You’ve probably worked with a client or two who has a separate email address for everything. Or maybe that describes your situation now. It looks like this: Facebook@mydomain.com, your PayPal address, email@example.com, firstname.lastname@example.org…The list goes on and on.
While on the surface that might look like a great idea, what often ends up happening is that emails get misdirected and the whole system breaks down. You buy an ebook and the seller adds your PayPal email to his or her mailing list, where you continue to receive updates and other important information. This one really hits home with me because my PayPal address is not my primary account I like to check too often. Or you receive an inquiry from a potential customer to your support@ email. When he or she turns into a client, he continues to use this email, but you send email to them from a different address on your domain now that they are a client. Again, I’m preaching to myself here.
Or even worse – you accidentally respond to someone from the wrong address, moving the entire email trail into a mailbox in which you would never think to look for it. You’ll waste hours searching for some bit of information, just because it’s in the wrong inbox. Not to mention if you send email from the wrong address and that person starts responding to both email addresses you have used. You can see how it can all go to h-e-double hockey sticks quickly.
A Better Solution
One email address. Two, at the most.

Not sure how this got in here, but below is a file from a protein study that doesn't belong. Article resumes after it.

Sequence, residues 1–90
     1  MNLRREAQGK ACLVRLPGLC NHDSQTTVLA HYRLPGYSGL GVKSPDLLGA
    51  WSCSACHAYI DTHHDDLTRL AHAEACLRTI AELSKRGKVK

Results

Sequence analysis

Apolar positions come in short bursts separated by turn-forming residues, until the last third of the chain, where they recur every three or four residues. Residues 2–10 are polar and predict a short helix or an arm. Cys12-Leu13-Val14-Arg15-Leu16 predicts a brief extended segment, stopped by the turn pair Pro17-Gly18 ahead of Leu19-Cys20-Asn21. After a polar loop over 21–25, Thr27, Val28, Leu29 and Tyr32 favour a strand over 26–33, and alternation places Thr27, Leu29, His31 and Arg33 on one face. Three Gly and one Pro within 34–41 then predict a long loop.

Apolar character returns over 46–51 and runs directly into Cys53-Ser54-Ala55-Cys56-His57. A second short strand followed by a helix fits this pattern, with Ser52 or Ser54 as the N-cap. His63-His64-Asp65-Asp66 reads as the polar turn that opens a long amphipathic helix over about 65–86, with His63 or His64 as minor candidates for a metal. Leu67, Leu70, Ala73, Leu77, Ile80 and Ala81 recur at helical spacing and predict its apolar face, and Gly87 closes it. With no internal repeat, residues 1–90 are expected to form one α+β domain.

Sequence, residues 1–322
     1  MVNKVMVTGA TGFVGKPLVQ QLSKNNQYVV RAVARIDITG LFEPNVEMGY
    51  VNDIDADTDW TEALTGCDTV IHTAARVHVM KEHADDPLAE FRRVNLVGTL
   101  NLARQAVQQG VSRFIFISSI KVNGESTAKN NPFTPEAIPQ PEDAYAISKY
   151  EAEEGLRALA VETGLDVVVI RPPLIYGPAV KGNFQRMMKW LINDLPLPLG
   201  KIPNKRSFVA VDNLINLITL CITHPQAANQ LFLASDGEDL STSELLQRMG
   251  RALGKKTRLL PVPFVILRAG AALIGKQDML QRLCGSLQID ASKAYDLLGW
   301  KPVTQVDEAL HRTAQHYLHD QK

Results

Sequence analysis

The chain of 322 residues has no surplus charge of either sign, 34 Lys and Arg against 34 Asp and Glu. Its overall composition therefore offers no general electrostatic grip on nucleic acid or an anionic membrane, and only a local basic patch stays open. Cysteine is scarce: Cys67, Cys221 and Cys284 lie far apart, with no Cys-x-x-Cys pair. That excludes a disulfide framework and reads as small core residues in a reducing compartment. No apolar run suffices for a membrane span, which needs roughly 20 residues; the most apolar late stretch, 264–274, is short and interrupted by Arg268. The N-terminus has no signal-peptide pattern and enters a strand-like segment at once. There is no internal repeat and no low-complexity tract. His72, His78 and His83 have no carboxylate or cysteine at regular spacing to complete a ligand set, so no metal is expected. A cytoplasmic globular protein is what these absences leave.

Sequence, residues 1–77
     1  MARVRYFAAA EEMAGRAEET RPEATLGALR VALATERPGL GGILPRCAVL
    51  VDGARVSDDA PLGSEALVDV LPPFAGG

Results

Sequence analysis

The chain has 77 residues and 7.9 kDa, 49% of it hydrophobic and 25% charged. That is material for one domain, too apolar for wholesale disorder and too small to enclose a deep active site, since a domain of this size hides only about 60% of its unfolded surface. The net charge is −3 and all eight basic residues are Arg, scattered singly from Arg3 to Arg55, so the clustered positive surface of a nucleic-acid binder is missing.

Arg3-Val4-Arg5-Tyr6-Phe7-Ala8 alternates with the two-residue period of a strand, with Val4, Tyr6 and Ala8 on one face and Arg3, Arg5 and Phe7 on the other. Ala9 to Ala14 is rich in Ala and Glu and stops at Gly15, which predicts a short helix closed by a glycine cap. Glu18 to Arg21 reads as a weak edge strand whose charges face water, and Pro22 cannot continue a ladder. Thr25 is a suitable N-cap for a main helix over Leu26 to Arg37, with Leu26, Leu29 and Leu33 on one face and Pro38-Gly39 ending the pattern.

Now before you get all tangled up in how you might accomplish this feat, consider how much simpler your life would be if every email came and went from the same address. For most people, that would significantly simplify their lives.
So think about which emails get the most traffic, and which you could conceivably do away with. Rarely used addresses, or those used only for third-party notifications can simply be deleted. You’ll just need to update your notifications email at Twitter, Facebook, and other services.
Addresses that do receive email can easily be forwarded right from your hosting account, so you can collect all your email in one spot.
Gmail’s Answer to Multiple Email Addresses
But if you are like me you may not be comfortable ditching all those extra addresses just yet. It could be that you have a few businesses you run and must keep separate email addresses or you are responsible for a organization position email that you are on. If that describes you Gmail has an answer for you. Your Gmail account comes built with the ability to send and receive email from up to five other POP3 accounts. That means that you can use a single Gmail interface to collect all your mail, and you can even set it up to reply to those messages using the same email address that received them. So you won’t confuse your clients by responding to their email from giasmommy8956—@gmail.com instead of email@example.com or firstname.lastname@example.org. This is especially helpful if you set up an email for every domain you own, but the email address itself gets very little mail. Or if you like the idea of having a PayPal address for accounting purposes, but don’t want to have to log in to yet another email server (such as WebMail). This has been a lifesaver for me to have all of my different business email addresses come into one email box instead of trying to log into different websites to retrieve my email.
Even if you do decide to go the Gmail route, it’s still a good idea to pare your emails down to the bare necessities.
When you started your business, it probably seemed like a good idea (and maybe even necessary for organization) to have lots of email addresses. Now that you’re busy, though, all those mailboxes can easily become more of a pain to deal with. And when it comes to getting your email under control, the first step is often deleting those unnecessary addresses.
How do you handle your multiple email addresses? Let me know in the comments below.